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  • CNN’s Anderson Cooper, the Vanderbilt Mansion and Cooper’s mother, Gloria Vanderbilt. (Photos; Tulane, CNN, Douglas Elliman)

    The Vanderbilt money is as old as it gets in America, but their Gilded Age mansion, one of New York City’s largest, is anything but. A 2018 makeover gutted the interior and turned it into a sleek chrome and white palace.

    Would family patriarch Cornelius “Commodore” Vanderbilt approve?

    Vanderbilt heiress, artist and fashion designer Gloria Vanderbilt was the last of the family to live there as a child. She died this past June, prompting the sale for $50 million.

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    Originally built by noted architect Robert B. Lynd in 1891 and restyled in 1905 by William Strom, the seven-story townhouse is located at one of Manhattan’s most-sought after addresses–East 72nd Street steps from Central Park on the Upper East Side.

    It’s commanding location, alone, might justify it’s hefty price tag. But if a potential buyer thinks he’s going to walk the same halls and ante-rooms as the Commodore, they’re in for a rude shock.

    New York city architecture and interior design firm, CetraRuddy, completely restyled the interior just last year. The global firm is noted for “creating of one-of-a-kind experiences,” according to its Web site profile.

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    They’ve got that right. But whether the makeover does justice to the building’s Néo-Greco style and historic heritage is subject to, shall we say… debate.

    The redesign is loaded with marble and modern finishes from the flooring to the lighting down to the kitchen appliances. And yes, there’s lots of chrome and stainless steel against a backdrop of bone-white ceilings and walls.

    The sandstone facade and cooper cornice outside remain, allowing the building to remain harmoniously blended with the street. the 18,408-square-foot townhouse is 27-feet wide–a luxury in New York City– with 12 bedrooms, 11 full bathrooms, three powder rooms and a roughly 1,500-square-feet of private outdoor space. The house has 12-foot ceilings throughout and an elevator.

    But walk through the door, and you enter another world.

    The kitchen alone has limestone floors, Calacatta marble slab counter top, marble tiled walls and backsplash, custom cabinetry with SA Baxter hardware and top-of-the-line appliances by Gaggenau, Viking Tuscany and Miele.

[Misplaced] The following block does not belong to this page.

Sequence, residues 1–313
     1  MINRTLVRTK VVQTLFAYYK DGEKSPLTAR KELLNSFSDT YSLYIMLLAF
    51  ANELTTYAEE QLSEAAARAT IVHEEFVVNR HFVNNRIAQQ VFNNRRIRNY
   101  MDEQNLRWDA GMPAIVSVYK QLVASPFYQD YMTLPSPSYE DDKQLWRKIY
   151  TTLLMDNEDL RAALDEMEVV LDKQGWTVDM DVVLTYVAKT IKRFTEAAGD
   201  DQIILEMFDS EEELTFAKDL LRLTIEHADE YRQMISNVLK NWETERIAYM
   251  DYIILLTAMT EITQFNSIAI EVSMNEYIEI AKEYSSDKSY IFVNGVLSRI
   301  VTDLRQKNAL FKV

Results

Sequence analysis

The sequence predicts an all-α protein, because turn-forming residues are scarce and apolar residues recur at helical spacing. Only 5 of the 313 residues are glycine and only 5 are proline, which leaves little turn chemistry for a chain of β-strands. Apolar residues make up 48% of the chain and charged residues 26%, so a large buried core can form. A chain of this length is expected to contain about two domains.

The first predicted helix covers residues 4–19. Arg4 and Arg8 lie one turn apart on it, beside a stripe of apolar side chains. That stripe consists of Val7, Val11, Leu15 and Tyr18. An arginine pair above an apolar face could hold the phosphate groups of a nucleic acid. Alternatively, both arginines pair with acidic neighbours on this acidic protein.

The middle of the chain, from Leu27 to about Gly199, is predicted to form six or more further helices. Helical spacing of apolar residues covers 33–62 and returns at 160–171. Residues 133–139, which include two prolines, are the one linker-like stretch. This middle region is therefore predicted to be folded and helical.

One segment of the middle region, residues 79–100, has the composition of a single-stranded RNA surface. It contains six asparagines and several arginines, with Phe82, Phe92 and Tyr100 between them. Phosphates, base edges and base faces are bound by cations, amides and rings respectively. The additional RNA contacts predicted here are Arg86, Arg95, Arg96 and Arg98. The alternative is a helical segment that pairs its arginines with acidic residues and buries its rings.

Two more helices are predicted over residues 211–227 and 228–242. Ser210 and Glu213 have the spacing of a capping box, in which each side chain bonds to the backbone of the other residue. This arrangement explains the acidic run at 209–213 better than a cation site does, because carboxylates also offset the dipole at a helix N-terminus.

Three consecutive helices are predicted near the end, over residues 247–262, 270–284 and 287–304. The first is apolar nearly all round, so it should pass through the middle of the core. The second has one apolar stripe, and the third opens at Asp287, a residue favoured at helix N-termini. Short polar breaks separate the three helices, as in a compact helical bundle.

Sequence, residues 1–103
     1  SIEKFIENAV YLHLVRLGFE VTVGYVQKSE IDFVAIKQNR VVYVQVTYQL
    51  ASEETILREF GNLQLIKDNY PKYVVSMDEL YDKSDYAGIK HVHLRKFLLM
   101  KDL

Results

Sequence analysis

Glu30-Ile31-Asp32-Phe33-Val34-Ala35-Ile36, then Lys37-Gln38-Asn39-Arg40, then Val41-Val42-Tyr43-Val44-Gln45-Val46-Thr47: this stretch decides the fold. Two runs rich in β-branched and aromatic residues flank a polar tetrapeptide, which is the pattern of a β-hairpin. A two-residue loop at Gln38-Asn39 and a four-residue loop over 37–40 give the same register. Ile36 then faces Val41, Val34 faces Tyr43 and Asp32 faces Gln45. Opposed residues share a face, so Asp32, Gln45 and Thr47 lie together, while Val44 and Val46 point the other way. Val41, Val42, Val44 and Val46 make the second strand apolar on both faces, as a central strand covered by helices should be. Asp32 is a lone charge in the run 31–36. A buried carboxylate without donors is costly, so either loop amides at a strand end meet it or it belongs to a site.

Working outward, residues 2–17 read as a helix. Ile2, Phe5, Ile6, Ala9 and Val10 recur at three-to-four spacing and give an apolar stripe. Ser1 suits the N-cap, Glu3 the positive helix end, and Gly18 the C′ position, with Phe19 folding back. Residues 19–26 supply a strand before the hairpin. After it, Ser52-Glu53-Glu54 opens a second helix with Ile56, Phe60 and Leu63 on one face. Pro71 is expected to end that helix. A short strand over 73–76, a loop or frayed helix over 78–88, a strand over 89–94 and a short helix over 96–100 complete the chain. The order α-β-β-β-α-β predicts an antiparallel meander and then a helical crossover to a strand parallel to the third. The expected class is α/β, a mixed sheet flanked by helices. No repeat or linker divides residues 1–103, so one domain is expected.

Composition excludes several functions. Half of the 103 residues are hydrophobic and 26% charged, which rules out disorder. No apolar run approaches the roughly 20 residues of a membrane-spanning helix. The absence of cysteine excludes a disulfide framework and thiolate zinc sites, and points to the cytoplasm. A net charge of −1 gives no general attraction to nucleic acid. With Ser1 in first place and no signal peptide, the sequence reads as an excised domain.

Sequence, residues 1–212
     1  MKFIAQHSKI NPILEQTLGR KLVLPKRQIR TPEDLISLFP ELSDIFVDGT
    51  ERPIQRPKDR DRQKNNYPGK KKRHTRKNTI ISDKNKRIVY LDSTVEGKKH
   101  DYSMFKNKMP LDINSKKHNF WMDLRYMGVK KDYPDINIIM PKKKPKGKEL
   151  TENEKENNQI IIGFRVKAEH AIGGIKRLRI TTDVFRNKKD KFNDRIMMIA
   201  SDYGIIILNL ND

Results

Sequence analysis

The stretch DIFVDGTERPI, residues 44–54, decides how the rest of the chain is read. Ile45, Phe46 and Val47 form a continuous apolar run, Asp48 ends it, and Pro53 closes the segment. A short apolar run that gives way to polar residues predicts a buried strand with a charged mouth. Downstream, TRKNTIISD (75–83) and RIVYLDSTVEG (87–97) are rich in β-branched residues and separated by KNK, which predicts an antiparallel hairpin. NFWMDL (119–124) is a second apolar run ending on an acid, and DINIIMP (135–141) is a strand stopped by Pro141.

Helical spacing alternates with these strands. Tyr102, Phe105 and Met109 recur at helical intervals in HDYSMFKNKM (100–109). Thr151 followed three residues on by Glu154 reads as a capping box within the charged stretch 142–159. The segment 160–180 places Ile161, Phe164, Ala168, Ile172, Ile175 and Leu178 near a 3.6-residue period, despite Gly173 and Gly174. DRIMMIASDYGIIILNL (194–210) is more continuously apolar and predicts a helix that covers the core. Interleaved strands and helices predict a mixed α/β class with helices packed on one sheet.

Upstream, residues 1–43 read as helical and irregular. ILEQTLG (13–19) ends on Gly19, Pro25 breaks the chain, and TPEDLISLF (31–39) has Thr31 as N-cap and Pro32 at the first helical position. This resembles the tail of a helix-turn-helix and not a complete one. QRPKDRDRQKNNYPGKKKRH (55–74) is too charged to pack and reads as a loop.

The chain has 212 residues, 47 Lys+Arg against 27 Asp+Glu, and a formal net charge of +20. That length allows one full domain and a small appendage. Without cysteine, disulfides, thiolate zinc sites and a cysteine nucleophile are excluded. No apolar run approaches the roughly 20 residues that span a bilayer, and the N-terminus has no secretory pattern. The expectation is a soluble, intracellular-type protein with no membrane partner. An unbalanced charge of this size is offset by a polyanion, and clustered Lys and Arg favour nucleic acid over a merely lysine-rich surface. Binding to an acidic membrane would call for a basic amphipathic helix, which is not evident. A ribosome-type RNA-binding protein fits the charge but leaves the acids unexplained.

The bathrooms feature either Calacatta or Blue de Savoie marble floors, walls and vanities with eucalyptus accents, Kalista fixtures Toto lavatories and Victoria and Albert free-standing tubs,” according to the listing.

    For the budget conscious, the building has been designed into three separate condo units, any of which can be bought, or the building can be easily converted back to a single-family home.

    Cornelius Vanderbilt, rose to prominence during the second half of the 19th century and came to be known as one of the era’s “Robber Barons.” Of Dutch descent, he landed in this country with $100 in his pocket and built a fortune in shipping and railroads.

    Along with its vast wealth, the Vanderbilts were known for building grand mansions on Fifth Avenue, luxurious “summer cottages” in Newport, RI, and the palatial Biltmore House in Asheville, NC, another other opulent homes.

    The family’s fortunes waned in the mid-20 century, when the family’s 10 great Fifth Avenue mansions were torn down. Most other Vanderbilt houses were sold or turned into museums. The period was known as the “Fall of the House of Vanderbilt,” according to The New York Times.

    Gloria Vanderbilt, who came to live in the house, was the daughter of railroad heir Reginald Claypoole Vanderbilt (1880–1925) and his second wife, Gloria Morgan (1904–1965).

    When she was only 18 months old, her father died from alcoholism and she inherited a $2.5 million trust fund, worth about $35 million in today’s dollars. Her wealth at such a young age prompted a bitter custody battle during the mid-1930s.

    It pitted her profligate mother, Gloria Morgan Vanderbilt, against parsimonious paternal aunt Gertrude Vanderbilt Whitney. By then, her fortune was worth $70 million in today’s dollars.

    Vanderbilt began her career as a fashion model when she was 15 years old, launched her own fashion business, was married four times and had four sons, including CNN’s Anderson Cooper.

    She was caught up in a scandal in the mid-1980s over millions of dollars in unpaid taxes and was forced to sell her homes in Southampton and New York City.

    Check out the photos and see if the new interior lives up to the townhouse’s Gilded Age history

    The listing agent is Lauren Muss of Douglas Elliman Real Estate, Madison Avenue office.

    NYC’s Vanderbilt Mansion Slick Makeover (Click Photos to Enlarge!)